Yeah, that sounds like some kind of literary novel and those usually bomb at the box office. The "unthinkable happens" appears to be your big action climax. But since we can't imagine what happens we have no idea if it can actually be filmed and if so, whether a justifiably large audience will want to see it. Often times unthinkable happenings are either unfilmable or too gruesome to watch.

So in my humble esteem, you need to be more specific about the action and make your description less cerebral and more visual.

Anonymous said...

What, exactly, have you got against salt?

Matthew said...

I was doing some research on selling screenplays and I came across this random log line generator.

http://www.lifeformz.com/cgi-bin/idea/idea.fcgi

BuffySquirrel said...

I'll be your assistant, EE! When do I start?

_*Rachel*_ said...

The way my critiquing has been going lately, I'm not worth my salt and everything I say has to be taken with a grain of salt--or a bucket, just to be safe.

I'm wondering: why would her brother, who she's been distant from all these years, call HER when he's in trouble?

BuffySquirrel said...

Rachel makes a good point. Why wouldn't the brother go straight to dad?

Anonymous said...

"The kick of it is, there AREN'T any comparable sites for screenplays."

With over 7 billion people on the planet and- I'm just guessing- lots of screen writers, I thought "boy it's weird that there aren't any comparable sights for screen plays...

So I googled Screenplay writers blogs...wait for it... blogs... about screenplay writing exist. Whats more, if you click them they link other blogs. And, I didn't do this, but I'm going to guess, if you read the comments you'll find even more clues.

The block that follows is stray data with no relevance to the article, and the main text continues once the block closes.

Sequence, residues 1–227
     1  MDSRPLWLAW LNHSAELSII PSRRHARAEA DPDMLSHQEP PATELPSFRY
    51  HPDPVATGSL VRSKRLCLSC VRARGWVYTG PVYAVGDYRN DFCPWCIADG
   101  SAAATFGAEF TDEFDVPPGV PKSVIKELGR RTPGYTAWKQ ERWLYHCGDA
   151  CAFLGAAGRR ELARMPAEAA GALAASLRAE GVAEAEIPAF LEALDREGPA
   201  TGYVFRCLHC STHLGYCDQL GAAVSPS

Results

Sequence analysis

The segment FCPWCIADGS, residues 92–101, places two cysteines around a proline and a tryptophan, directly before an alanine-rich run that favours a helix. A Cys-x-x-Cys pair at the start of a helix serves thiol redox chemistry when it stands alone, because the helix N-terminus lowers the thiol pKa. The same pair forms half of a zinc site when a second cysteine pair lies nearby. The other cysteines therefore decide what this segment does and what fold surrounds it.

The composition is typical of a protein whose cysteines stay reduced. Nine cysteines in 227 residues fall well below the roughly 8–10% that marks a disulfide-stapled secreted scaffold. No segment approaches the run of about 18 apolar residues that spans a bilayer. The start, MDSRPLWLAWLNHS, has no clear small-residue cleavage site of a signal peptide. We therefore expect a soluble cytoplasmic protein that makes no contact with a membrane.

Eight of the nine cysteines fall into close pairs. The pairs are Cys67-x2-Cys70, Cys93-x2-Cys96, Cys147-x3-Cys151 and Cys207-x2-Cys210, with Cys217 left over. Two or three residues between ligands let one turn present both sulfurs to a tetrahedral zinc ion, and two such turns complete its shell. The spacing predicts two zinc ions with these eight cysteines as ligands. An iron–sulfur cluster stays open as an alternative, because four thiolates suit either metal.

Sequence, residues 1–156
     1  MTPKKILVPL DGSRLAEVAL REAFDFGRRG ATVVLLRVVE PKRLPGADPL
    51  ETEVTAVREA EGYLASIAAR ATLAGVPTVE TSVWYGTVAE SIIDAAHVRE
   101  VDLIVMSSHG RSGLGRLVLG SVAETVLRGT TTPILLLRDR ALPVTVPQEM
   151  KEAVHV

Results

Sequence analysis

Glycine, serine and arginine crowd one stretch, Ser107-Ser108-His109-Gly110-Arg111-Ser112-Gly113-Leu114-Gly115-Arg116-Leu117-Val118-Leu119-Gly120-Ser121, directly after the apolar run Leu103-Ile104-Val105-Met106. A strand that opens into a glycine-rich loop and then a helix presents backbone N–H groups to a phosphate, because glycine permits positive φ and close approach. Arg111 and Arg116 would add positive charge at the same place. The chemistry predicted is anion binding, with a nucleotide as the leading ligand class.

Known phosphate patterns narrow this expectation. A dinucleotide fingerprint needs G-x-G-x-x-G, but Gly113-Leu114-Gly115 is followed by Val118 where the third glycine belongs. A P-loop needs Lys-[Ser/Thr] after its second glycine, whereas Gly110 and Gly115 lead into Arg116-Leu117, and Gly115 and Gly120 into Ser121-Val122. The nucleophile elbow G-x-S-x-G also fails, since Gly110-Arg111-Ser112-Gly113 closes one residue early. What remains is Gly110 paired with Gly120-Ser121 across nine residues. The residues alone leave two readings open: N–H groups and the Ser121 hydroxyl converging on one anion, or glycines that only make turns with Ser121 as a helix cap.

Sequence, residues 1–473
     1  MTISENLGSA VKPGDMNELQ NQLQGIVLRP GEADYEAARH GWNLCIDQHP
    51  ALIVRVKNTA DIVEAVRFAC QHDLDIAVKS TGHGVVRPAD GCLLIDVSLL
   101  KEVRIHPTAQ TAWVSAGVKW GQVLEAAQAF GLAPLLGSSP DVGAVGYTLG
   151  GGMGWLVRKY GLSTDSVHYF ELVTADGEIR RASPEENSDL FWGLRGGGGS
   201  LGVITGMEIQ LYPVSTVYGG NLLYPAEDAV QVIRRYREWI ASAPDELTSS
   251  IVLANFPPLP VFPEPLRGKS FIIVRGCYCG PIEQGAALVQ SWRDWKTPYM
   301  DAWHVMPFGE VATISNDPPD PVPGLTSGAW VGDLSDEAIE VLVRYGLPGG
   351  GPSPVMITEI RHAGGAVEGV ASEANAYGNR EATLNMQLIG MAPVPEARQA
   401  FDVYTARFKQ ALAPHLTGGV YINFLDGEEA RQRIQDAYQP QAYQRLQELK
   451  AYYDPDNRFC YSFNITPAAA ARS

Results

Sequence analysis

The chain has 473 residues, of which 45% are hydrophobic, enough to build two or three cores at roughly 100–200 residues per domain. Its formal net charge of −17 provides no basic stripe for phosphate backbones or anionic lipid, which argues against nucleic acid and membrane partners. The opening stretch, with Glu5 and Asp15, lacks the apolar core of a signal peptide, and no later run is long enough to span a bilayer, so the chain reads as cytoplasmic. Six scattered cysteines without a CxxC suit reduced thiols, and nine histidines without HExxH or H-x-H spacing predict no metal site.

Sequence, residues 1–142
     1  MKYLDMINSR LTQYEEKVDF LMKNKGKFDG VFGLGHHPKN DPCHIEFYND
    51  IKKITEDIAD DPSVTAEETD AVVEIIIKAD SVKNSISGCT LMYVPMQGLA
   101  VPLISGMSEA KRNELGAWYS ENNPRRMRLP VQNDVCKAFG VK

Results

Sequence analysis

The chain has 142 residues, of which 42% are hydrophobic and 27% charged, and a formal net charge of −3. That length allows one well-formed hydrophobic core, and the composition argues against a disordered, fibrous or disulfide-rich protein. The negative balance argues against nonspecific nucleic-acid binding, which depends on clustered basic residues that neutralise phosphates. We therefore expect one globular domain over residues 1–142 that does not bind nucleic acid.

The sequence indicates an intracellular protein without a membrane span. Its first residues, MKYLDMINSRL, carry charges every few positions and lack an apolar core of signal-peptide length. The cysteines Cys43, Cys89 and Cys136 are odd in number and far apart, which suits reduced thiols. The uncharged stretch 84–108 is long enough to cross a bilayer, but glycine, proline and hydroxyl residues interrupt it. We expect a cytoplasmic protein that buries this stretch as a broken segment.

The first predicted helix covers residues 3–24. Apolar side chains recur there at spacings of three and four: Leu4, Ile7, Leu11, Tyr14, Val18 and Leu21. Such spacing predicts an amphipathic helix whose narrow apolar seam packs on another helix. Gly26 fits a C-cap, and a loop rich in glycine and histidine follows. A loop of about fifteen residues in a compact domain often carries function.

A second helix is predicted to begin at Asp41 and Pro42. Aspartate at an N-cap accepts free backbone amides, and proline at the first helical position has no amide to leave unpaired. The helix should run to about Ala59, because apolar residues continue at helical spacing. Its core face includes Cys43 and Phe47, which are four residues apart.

I know, you said, comparable. Here's just one that crits screenplay synopsis.

http://www.sellingyourscreenplay.com/screenwriting-workshop/screenplay-synopsis-critique-hollywood-house/

There are more too. And one thing I've found even for us writers- the best blogs don't come up when you google them. You read one blog and in the comments someone mentions another. You go to that blog and then you get a tip on another. What you're looking for is out there but you have to be willing to put in the time (more than an hour) and effort. And yeah I know you're going to come back say you've put in (insert outrageous number of hours)to find what you were looking for.

"there AREN'T any comparable sites for screenplays" =I'm too lazy to look but I expect yall to spend your time critiquing something you don't know much about... and I'll scratch my head when my new handy dandy query is ignored. I'm sending the clue gun your way: we aren't screenplay writers, we're novelists.

Anonymous said...

"Dear Agent/Producer/Person whose Roommate is Friends with the Coen Brothers' Assistant:"

Clue Atomic Bomb coming your way. Every author here knows better than to do this. Lots of people have been really nice to you, but before you ask people for their time, it would behoove you to read some basics, like the proper way to address a query. If you don't know why this is so, you need more help than any of us can give you.

Evil Editor said...

Regarding the two previous comments, I think it's safe to assume the author did not open his actual query letter Dear roommate of the Coen Brothers or whatever, any more than novelists open Dear Evil Editor. It's a joke placeholder to be replaced by the actual name of the recipient.